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QUANTUM FANTAY

Psychedelic/Space Rock • Belgium


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Quantum Fantay biography
Founded in Lokeren, Belgium in 2002

QUANTUM FANTAY started when Pete Mush and Jaro formed a new band after they've both been in the now disbanded "OREGON". Pete is the current keyboard player in the Belgian progressive rock band "GIRRIBIZZI" and Jaro is handling the bass in a local cover band. Soon Gino Bartolini and Charles Sla came on board. QUANTUM FANTAY plays a kind of music they like to describe as liquid space rock. If this discription sounds unfamiliar maybe the name of OZRIC TENTACLES does ring a bell. But QF is a lot more than just a clone of OZRIC. Their music is sounding like a mixture of progressive rock, electronic music, groove, world music and most of all psychedelic rock, it also contains elements of reggae and dub.

Their first and only album "Agapanthusterra" is full of instrumental music, sometimes lush and cosmic, on other moments space rocking like Hawkwind. The variety of influences and calm and up-tempo section is fascinating from start to finish. Their sound is full of different instruments and sound effects although the keyboards are an substantial part of it. There's a notably science fiction feel to the instrumental music which also has some noticeable prog elements especially in guitar and keyboard parts. Extremely recommended !

: : : fishy, BELGIUM : : :

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QUANTUM FANTAY discography


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QUANTUM FANTAY top albums (CD, LP, MC, SACD, DVD-A, Digital Media Download)

3.57 | 70 ratings
Agapanthusterra
2005
3.83 | 116 ratings
Ugisiunsi
2007
3.07 | 56 ratings
Kaleidothrope
2009
3.93 | 118 ratings
Bridges of Kukuriku
2010
3.89 | 107 ratings
Terragaia
2014
3.82 | 50 ratings
Dancing in Limbo
2015
3.94 | 72 ratings
Tessellation of Euclidean Space
2017
3.90 | 21 ratings
Yemaya Orisha
2019

QUANTUM FANTAY Live Albums (CD, LP, MC, SACD, DVD-A, Digital Media Download)

4.29 | 21 ratings
From Herzberg to Livingroom
2007
4.00 | 22 ratings
Bridges of the Old Fishingmine
2011
4.33 | 3 ratings
Live at Mimesis Club
2020
4.50 | 2 ratings
Live at Sonic Rock Solstice
2020

QUANTUM FANTAY Videos (DVD, Blu-ray, VHS etc)

QUANTUM FANTAY Boxset & Compilations (CD, LP, MC, SACD, DVD-A, Digital Media Download)

QUANTUM FANTAY Official Singles, EPs, Fan Club & Promo (CD, EP/LP, MC, Digital Media Download)

4.00 | 1 ratings
Lantanasch
2019
3.33 | 3 ratings
Temleh
2020
4.00 | 1 ratings
Autumn Landscapes
2024

QUANTUM FANTAY Reviews


Showing last 10 reviews only
 Tessellation of Euclidean Space by QUANTUM FANTAY album cover Studio Album, 2017
3.94 | 72 ratings

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Tessellation of Euclidean Space
Quantum Fantay Psychedelic/Space Rock

Review by Argentinfonico

3 stars Quantum Fantay is a psychedelic/space rock band (or, as they put it: liquid space rock) founded in Belgium at the turn of this century in 2002. As of August 2023, they have released a total of eight studio albums, each planned as a piece of introspection and rediscovery. Today I bring you a review of the seventh, at this moment chronologically anteultimate: "Tessellation of Euclidean Space".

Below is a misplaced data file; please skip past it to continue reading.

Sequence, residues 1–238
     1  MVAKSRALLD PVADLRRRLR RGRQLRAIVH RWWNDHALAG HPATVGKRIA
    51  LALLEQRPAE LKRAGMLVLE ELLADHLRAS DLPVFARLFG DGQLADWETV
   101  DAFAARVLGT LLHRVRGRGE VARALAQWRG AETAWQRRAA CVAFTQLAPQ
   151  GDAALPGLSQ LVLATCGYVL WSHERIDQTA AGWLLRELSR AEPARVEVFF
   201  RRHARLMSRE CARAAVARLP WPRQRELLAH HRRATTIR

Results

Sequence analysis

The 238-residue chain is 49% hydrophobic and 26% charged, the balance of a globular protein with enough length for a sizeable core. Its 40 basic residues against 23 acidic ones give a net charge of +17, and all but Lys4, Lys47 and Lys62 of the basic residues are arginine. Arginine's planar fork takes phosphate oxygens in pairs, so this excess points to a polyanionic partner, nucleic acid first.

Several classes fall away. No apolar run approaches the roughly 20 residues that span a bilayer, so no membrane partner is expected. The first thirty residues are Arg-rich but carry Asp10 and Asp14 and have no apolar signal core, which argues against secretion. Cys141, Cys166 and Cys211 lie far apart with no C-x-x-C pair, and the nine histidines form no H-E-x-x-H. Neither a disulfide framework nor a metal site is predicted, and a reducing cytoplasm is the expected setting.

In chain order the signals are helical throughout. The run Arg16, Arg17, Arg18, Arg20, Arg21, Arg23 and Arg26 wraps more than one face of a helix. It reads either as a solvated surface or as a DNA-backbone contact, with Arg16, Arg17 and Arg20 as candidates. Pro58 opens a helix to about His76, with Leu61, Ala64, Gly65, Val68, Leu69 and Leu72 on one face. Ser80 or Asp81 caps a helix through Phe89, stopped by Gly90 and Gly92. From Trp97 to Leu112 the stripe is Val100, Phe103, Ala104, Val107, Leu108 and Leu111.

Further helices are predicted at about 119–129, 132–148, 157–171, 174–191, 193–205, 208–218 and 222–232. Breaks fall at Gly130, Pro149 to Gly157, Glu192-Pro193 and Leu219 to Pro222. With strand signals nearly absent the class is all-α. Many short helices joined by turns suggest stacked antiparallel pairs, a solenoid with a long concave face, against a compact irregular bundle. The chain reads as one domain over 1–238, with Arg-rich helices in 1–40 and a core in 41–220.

From the opening track "Tessellate", the album starts with ancestral sounds that are mixed with typical 70s psychedelic rock arrangements, making use of the resource of introducing the instruments little by little, entering -with an almost completely built atmosphere and in such a short time- the flute and then the keyboards with riffs and more arrangements to authenticate it as true space rock. This track is sustained with great energy, with all instruments participating equally in a mixture of atmospheres and beats. The flute, as long as it is well executed, is always very interesting as a dominant element in some psychedelic instrumental sections, and this song is no exception. Many parts of this song are reminiscent of early Alan Parsons, ranging from his debut to "The Turn of a Friendly Card", in such arbitrariness as the sustaining of the base instruments to give power to sequences of notes that come and go. Tessellate is a song that bridges a lot, with an interesting virtuosity in the rhythm, as it is never suffocating but constantly changing. Those changes are guided by drummer Gino Verhaegen, who possesses a total lucidity, one might say. Considering that this is the song that introduces an instrumental album, it is clear that it is reserved in several respects to function as just that: an introduction. In that sense, it reminds me very much of the first section of Transatlantic's The Whirlwind, with many ideas staged, but without delving into any of them. To make this clear, I'll exemplify this by contrasting it with Rush's wonderful La Villa Strangiato, where there are very brief instrumental sections, but nothing left unsaid. Decent introduction by the Belgians.

"Manas Kavya" is the second track, and I dare say that it starts off much more interesting than the previous one, with a total protagonism of the keyboards that leads to full-on electronic progressive, with vibrant synthesizers. In the face of such energy that the experimental keyboardist Pieter van den Broeck manages and sustains, the flute is a little more overshadowed and shocking in its melodies. And it is in this second song, after the 10 minutes of the first, that guitarist Tom Tas has his first important moments, with fast but not risky plucking. The song flies: the fast line proposed by the keyboards and drums leave very little room to create and improvise, and I think this is where Quantum's musicians are exposed (but not in a bad light): the slower note sequences work better than the faster ones. The influence of the British band Ozric Tentacles is clear in the exotic melodic components of the Belgians.